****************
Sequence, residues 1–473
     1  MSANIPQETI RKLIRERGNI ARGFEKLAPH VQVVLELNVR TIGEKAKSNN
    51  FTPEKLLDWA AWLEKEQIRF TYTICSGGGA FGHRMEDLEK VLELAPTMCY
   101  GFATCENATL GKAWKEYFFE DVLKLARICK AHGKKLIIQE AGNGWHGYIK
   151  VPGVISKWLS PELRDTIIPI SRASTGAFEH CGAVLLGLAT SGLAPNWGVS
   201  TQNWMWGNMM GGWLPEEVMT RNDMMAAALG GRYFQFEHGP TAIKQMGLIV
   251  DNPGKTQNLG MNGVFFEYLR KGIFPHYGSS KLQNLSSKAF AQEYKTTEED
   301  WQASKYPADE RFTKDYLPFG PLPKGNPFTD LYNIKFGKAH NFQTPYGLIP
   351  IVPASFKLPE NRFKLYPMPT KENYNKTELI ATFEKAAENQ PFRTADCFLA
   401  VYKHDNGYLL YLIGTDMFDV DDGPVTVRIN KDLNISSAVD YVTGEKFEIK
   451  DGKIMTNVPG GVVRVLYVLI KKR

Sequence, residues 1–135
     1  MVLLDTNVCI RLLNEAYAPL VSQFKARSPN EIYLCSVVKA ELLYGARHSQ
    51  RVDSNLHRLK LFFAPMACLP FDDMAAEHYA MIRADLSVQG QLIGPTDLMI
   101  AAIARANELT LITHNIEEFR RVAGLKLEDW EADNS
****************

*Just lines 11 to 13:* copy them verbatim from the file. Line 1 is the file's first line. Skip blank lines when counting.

   451  DGKIMTNVPG GVVRVLYVLI KKR

Sequence, residues 1–135
     1  MVLLDTNVCI RLLNEAYAPL VSQFKARSPN EIYLCSVVKA ELLYGARHSQ